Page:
Tuesday, December 29, 2009
I see that Jeremy mentioned the sparkling new chainsaw I was gifted. Let's be honest: it's the adult version of a Fisher-Price "My First Chainsaw." It makes all the right noises, but it's basically a baby chainsaw with training wheels. Since I have no idea what I'm doing and sport fairly inadequate arm muscles, it's perfect! I'm proud to say that I took out two cedar trees (saplings) and cut an entire trunk (stick) for firewood! Because of My First Chainsaw, my land contributions will be many.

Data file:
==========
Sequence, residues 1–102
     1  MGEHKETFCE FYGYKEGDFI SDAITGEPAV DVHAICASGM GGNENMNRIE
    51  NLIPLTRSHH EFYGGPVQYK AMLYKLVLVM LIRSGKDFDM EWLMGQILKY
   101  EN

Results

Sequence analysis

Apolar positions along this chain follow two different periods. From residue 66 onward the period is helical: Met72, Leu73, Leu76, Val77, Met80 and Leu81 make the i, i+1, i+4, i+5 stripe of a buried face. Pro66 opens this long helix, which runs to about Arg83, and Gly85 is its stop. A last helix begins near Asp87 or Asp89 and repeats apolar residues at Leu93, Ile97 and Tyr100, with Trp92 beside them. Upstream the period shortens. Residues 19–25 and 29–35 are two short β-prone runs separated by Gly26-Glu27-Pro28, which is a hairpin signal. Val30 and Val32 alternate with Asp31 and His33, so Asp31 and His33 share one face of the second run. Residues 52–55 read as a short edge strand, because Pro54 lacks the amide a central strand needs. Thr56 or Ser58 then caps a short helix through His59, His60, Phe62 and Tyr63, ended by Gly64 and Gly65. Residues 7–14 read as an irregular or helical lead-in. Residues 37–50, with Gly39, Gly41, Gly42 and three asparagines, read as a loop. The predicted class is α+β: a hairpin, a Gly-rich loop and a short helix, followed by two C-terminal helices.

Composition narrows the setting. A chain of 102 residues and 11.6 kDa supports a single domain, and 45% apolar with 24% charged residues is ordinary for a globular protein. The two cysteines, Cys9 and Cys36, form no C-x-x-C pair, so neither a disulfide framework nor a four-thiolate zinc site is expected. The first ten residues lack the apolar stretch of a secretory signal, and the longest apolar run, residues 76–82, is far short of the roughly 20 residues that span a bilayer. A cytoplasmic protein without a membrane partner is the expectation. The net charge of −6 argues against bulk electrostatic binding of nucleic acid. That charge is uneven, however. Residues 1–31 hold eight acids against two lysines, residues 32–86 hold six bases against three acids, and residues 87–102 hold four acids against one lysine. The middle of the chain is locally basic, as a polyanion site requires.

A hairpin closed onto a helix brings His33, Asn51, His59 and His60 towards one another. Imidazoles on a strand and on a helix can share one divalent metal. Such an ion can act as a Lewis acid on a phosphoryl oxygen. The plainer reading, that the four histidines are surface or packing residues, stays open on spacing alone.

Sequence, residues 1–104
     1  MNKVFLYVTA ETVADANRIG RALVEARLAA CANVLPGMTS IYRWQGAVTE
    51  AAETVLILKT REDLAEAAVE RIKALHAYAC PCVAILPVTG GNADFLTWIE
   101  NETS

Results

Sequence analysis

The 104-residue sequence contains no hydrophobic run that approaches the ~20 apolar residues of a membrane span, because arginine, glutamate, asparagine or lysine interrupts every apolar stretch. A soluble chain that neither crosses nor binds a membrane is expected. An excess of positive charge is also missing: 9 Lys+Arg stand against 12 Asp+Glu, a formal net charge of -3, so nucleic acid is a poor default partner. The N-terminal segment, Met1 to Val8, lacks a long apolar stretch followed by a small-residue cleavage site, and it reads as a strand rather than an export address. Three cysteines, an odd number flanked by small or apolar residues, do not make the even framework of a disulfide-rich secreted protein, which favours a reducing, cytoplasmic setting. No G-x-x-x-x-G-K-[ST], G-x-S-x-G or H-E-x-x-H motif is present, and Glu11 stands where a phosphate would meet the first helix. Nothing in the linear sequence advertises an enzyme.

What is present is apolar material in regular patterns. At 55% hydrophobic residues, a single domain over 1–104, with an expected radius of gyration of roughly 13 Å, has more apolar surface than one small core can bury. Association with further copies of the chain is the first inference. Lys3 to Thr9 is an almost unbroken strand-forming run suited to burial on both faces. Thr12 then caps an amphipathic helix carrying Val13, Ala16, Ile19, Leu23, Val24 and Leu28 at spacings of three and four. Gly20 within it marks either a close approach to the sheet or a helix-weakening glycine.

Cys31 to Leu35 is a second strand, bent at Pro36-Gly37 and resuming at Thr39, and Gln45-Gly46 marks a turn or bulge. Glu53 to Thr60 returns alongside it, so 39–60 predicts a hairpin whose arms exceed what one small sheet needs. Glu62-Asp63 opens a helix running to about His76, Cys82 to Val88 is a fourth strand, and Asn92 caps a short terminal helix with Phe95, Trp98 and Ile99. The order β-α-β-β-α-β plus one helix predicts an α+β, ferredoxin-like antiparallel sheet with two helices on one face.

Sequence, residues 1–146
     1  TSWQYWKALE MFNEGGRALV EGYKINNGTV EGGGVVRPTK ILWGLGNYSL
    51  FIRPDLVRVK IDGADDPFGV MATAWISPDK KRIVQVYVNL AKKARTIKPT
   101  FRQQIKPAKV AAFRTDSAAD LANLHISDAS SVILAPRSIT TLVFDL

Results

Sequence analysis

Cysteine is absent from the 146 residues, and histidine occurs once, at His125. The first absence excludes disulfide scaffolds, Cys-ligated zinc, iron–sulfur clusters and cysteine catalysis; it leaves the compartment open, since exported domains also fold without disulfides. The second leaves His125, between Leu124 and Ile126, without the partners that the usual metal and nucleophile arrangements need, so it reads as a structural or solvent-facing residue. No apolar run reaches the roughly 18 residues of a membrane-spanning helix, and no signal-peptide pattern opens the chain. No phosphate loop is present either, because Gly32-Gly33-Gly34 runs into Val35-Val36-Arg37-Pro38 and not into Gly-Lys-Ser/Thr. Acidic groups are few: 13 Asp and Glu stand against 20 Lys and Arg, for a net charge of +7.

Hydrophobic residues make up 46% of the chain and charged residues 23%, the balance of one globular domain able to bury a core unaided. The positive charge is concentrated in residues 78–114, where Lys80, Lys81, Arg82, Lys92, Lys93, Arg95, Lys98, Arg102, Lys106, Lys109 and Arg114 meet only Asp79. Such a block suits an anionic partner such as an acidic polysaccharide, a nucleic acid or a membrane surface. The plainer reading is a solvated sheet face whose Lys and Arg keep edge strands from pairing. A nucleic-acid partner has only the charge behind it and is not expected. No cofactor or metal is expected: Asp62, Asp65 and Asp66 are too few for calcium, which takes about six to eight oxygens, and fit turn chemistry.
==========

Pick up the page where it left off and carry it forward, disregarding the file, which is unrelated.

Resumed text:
And a word on Boo. Oh holy crap - that was quite an experience. I re-read a post prior to the ordeal in which I nonchalantly stated that I would help as much "as the vet will let me." HA! HA! HA! Aaaaaaahhahaha! Boy oh boy was I being pompous. As it turns out, I have a fairly impressive gag reflex when it comes to the following: scalpels, pain, blood, scalpels, blood, but mostly - testicle removal. Sorry people, I'm just telling it like it is. Jeremy did, in fact, watch the entire ordeal the way one might watch a train wreck. It was riveting enough that he was unable to avert his eyes, however he kept one fist in his mouth the entire time, wincing throughout and periodically exclaiming, "HOLY CRAP!" and "EEEWWEeeeeeoooowwwwwW!" So - he provided some additional drama that wasn't very productive. My favorite part was when he thought the procedure was finished and said, "Ok, it's done, you can look now," at which point I tentatively peeked out from behind a tree in time to see the vet begin work on the second (because, Jeremy, there are TWO) testicle. He quickly apologized for his error and pushed me behind the tree again. That's as many details as I'll give, unless you ask for more details, and then I'm happy to provide them. I generally work through trauma best when I can talk about it. Thank you. And for the record - Boo's now a nicer guy in general. He just seems a little more calm, cool, and collected which in turn makes Chula less of a snot. When he annoys her now, she kicks him - and he doesn't kick her back! Progress.